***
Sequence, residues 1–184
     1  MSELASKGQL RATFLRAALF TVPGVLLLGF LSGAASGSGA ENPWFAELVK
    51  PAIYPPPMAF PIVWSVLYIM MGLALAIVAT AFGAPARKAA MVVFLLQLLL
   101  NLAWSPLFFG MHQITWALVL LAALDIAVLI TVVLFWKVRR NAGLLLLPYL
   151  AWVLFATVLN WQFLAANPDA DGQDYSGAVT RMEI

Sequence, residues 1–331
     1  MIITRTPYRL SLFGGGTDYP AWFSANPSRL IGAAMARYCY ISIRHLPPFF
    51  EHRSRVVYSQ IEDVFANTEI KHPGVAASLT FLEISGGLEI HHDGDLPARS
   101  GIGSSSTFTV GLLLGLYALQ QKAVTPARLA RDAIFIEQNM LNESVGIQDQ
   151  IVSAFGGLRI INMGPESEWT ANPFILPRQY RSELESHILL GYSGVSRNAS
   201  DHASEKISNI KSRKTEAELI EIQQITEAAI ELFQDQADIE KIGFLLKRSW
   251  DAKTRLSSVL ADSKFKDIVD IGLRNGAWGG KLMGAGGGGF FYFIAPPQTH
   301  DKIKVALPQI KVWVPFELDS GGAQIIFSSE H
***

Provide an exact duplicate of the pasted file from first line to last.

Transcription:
Sequence, residues 1–184
     1  MSELASKGQL RATFLRAALF TVPGVLLLGF LSGAASGSGA ENPWFAELVK
    51  PAIYPPPMAF PIVWSVLYIM MGLALAIVAT AFGAPARKAA MVVFLLQLLL
   101  NLAWSPLFFG MHQITWALVL LAALDIAVLI TVVLFWKVRR NAGLLLLPYL
   151  AWVLFATVLN WQFLAANPDA DGQDYSGAVT RMEI

Sequence, residues 1–331
     1  MIITRTPYRL SLFGGGTDYP AWFSANPSRL IGAAMARYCY ISIRHLPPFF
    51  EHRSRVVYSQ IEDVFANTEI KHPGVAASLT FLEISGGLEI HHDGDLPARS
   101  GIGSSSTFTV GLLLGLYALQ QKAVTPARLA RDAIFIEQNM LNESVGIQDQ
   151  IVSAFGGLRI INMGPESEWT ANPFILPRQY RSELESHILL GYSGVSRNAS
   201  DHASEKISNI KSRKTEAELI EIQQITEAAI ELFQDQADIE KIGFLLKRSW
   251  DAKTRLSSVL ADSKFKDIVD IGLRNGAWGG KLMGAGGGGF FYFIAPPQTH
   301  DKIKVALPQI KVWVPFELDS GGAQIIFSSE H